How to use water bottles to heat a greenhouse

Updated February 21, 2017

Greenhouses are structures designed to absorb the sun's heat in the day for plant use. It not only gives your crops the light they need, but also the heat. This system is great in the warm season, but when you grow crops in a greenhouse to extend the growing season into the cold months, you need a way to keep the grow room warm at night. Although electric greenhouse heaters exist, you also have available an inexpensive method of collecting thermal mass for later use: filled water bottles without lids.

Collect the largest water bottles you can find. Gallon jugs and bigger containers are excellent. Your goal is to line the north-facing wall of your greenhouse with containers of water. In the day, the water absorbs the sun's heat. At night, it releases it. The more water is inside the greenhouse when it's sunny, the warmer the room will be at night.

Paint one side of the bottles black and the other white, going halfway around the jugs with each colour. This step is optional, but "Vegetable Gardening and Greenhouses," a website that provides information on vegetable gardening, explains that when the black side of the bottles faces south, heat absorption occurs more easily. Having the white side pointing north keeps the heat from escaping in that cold direction, where you won't have any plants growing.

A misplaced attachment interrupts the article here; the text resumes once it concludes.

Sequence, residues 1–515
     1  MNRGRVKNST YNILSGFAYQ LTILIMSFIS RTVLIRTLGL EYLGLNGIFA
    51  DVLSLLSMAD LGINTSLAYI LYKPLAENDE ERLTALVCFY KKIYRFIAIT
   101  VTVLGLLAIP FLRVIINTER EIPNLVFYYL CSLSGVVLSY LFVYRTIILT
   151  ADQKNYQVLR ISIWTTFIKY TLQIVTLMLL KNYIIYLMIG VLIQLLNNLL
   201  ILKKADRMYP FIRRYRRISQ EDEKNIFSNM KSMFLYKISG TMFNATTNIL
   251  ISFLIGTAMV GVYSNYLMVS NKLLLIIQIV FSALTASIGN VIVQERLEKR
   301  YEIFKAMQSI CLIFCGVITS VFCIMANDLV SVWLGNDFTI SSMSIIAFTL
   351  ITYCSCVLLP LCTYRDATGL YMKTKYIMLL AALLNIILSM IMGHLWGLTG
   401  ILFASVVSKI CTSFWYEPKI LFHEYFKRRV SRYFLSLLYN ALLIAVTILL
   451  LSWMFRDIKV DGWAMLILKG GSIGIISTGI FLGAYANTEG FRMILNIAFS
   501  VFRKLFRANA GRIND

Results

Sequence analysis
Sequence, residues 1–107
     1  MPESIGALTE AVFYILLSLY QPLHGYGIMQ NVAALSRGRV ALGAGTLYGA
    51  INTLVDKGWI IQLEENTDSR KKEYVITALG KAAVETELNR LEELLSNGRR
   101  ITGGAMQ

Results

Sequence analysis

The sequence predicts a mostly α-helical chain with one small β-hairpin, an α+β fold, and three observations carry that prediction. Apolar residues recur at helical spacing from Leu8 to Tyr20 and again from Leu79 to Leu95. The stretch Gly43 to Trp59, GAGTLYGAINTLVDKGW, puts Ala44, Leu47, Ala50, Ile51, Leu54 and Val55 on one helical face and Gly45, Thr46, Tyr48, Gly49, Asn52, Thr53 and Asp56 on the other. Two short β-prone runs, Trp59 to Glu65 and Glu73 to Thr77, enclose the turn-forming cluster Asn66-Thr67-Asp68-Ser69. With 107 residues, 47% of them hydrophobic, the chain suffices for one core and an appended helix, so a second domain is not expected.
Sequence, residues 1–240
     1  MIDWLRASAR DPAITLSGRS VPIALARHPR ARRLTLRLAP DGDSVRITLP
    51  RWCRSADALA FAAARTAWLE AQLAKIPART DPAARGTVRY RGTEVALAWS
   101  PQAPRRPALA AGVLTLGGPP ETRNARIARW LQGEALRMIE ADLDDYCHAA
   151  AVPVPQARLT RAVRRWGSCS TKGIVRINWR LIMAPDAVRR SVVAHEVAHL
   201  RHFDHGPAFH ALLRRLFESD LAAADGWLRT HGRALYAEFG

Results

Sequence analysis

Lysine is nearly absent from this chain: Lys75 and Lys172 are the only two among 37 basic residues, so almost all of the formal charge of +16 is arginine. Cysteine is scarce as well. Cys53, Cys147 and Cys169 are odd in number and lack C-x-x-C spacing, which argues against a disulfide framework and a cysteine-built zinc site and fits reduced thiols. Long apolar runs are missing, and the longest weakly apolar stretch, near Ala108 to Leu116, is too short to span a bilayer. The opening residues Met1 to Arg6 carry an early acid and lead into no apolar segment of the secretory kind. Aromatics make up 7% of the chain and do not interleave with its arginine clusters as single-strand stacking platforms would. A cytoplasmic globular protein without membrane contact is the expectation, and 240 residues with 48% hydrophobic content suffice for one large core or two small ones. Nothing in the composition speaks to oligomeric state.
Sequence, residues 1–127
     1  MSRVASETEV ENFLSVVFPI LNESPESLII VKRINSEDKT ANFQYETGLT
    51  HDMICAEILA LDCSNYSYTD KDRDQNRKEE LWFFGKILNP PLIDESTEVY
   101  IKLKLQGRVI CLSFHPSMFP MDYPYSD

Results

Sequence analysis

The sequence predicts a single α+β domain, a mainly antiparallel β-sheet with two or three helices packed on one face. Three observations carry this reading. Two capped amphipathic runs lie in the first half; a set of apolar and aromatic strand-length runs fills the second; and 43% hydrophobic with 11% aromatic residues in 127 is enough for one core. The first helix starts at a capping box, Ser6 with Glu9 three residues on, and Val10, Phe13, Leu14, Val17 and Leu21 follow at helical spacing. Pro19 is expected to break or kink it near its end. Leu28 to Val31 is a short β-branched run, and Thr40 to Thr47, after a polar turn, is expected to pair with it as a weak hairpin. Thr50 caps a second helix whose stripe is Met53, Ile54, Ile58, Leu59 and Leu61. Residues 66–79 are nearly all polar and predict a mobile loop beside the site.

Place the jugs in their locations in the greenhouse and fill them with water. If you painted them, have the black side face south and the white facing north. Refill them with water as the liquid evaporates.

Put a thermometer in your greenhouse and monitor the temperature in it for a few days (if you're up for being out and about in the middle of the night). Or look at your plants. If their vigour seems reduced, increase the amount of water sitting in the greenhouse. Some people use 55-gallon drums to collect the sun's energy. How much water to use depends on how large your grow room is and how intense the sun gets in the day. You'll learn from experience.

Things You'll Need

  • Bottles
  • Black paint (optional)
  • White paint (optional)
  • Water
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About the Author

Emma Watkins writes on finance, fitness and gardening. Her articles and essays have appeared in "Writer's Digest," "The Writer," "From House to Home," "Big Apple Parent" and other online and print venues. Watkins holds a Master of Arts in psychology.